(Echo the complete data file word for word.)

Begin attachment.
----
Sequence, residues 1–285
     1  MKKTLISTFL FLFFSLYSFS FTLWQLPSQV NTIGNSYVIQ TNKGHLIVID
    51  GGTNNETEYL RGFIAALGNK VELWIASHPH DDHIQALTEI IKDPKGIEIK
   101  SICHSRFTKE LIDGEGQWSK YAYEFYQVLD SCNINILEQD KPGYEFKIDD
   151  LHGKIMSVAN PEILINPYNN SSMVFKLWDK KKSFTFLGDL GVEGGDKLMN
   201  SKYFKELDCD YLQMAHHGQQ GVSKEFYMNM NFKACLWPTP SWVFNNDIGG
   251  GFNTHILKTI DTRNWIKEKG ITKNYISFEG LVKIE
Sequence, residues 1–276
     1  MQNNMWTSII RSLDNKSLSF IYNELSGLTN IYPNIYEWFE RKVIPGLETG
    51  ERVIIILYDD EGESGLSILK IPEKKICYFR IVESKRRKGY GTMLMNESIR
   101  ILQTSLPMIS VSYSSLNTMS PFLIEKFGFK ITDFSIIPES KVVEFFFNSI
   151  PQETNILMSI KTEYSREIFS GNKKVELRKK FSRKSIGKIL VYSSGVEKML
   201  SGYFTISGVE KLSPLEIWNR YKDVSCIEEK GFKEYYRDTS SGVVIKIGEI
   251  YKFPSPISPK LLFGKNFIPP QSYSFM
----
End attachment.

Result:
Sequence, residues 1–285
     1  MKKTLISTFL FLFFSLYSFS FTLWQLPSQV NTIGNSYVIQ TNKGHLIVID
    51  GGTNNETEYL RGFIAALGNK VELWIASHPH DDHIQALTEI IKDPKGIEIK
   101  SICHSRFTKE LIDGEGQWSK YAYEFYQVLD SCNINILEQD KPGYEFKIDD
   151  LHGKIMSVAN PEILINPYNN SSMVFKLWDK KKSFTFLGDL GVEGGDKLMN
   201  SKYFKELDCD YLQMAHHGQQ GVSKEFYMNM NFKACLWPTP SWVFNNDIGG
   251  GFNTHILKTI DTRNWIKEKG ITKNYISFEG LVKIE
Sequence, residues 1–276
     1  MQNNMWTSII RSLDNKSLSF IYNELSGLTN IYPNIYEWFE RKVIPGLETG
    51  ERVIIILYDD EGESGLSILK IPEKKICYFR IVESKRRKGY GTMLMNESIR
   101  ILQTSLPMIS VSYSSLNTMS PFLIEKFGFK ITDFSIIPES KVVEFFFNSI
   151  PQETNILMSI KTEYSREIFS GNKKVELRKK FSRKSIGKIL VYSSGVEKML
   201  SGYFTISGVE KLSPLEIWNR YKDVSCIEEK GFKEYYRDTS SGVVIKIGEI
   251  YKFPSPISPK LLFGKNFIPP QSYSFM